A colour party of the 1st Battalion, 113th Benares Infantry Regiment. Credit: IWM
Awareness of the role of Commonwealth soldiers has gradually grown in recent years and has been a feature of the centenary of World War I commemorations that began in 2014 and end on Sunday 9 November 2018, at 11am – 100 years after guns fell silent on the Western Front and the armistice began.
This year, integration think tank British Future‘s initiative ‘Remember Together’ has brought people and schoolchildren together to learn about how men from both Britain and the Commonwealth served side by side, fighting for freedom and democracy.
"Had they stayed at home, the history of the world would have taken a different course". Lloyd George on Indian & Commonwealth contribution. Gandhi's surprising role, marked by the Khadi poppy, recalled by Lord Ghadia in the Lords https://t.co/wX2S3GkI80#RememberTogether
— Sunder Katwala (@sundersays) November 9, 2018
The campaign includes events in primary and secondary schools, as well as mosques, synagogues, churches and Gurdwaras, faith groups and has drawn support from across the political spectrum, faith groups, and the Royal British Legion.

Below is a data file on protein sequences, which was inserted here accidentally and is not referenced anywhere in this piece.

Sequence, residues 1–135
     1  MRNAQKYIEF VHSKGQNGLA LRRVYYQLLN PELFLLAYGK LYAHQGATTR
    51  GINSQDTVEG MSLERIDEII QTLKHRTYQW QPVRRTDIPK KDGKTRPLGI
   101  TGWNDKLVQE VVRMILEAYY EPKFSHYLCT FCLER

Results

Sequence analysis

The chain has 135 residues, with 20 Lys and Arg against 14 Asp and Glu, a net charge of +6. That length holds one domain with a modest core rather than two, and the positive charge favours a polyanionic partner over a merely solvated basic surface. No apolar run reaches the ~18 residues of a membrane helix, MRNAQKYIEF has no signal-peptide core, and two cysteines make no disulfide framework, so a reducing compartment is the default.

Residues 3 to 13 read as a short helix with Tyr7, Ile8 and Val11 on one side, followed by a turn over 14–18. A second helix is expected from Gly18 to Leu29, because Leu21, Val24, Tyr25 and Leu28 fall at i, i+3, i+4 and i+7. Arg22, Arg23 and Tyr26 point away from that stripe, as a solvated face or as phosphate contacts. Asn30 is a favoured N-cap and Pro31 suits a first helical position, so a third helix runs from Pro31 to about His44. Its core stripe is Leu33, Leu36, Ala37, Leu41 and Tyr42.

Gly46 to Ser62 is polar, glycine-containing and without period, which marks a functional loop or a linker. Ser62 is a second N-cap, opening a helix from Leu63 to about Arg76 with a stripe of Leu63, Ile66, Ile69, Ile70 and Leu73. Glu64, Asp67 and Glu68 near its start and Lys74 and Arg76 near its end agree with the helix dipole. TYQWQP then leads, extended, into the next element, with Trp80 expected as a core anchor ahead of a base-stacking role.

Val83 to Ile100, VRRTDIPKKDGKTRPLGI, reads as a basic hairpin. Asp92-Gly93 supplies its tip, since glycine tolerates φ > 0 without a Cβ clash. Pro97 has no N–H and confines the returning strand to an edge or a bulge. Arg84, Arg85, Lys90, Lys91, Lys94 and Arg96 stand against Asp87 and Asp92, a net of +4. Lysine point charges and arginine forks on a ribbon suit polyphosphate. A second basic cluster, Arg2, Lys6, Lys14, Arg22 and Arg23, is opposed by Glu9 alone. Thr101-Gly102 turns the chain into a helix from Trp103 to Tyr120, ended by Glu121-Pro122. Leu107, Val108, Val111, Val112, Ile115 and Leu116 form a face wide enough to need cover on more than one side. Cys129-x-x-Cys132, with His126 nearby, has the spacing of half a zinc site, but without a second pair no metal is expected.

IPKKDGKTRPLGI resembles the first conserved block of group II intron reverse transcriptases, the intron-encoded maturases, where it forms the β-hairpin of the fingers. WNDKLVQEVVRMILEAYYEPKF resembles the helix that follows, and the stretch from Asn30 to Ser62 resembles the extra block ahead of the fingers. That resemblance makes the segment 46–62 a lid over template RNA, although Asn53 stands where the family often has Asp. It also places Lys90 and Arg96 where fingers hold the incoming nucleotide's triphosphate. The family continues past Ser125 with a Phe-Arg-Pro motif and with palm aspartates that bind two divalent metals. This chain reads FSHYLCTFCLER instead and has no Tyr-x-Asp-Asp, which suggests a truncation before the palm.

we want to say Thank You to all of those who made so many sacrifices for the society we live in today – men and women, young and old, of every faith and ethnicity.
Catherine Davies, The Royal British Legion
Catherine Davies, Head of Remembrance at The Royal British Legion, said: “We owe the First World War generation a huge debt of gratitude for helping shape the world as we know it today including the 1.2m British and Commonwealth Armed Forces who lost their lives on the battlefield.
“This year, 100 years from the end of the First World War, we want to say Thank You to all of those who made so many sacrifices for the society we live in today – men and women, young and old, of every faith and ethnicity.”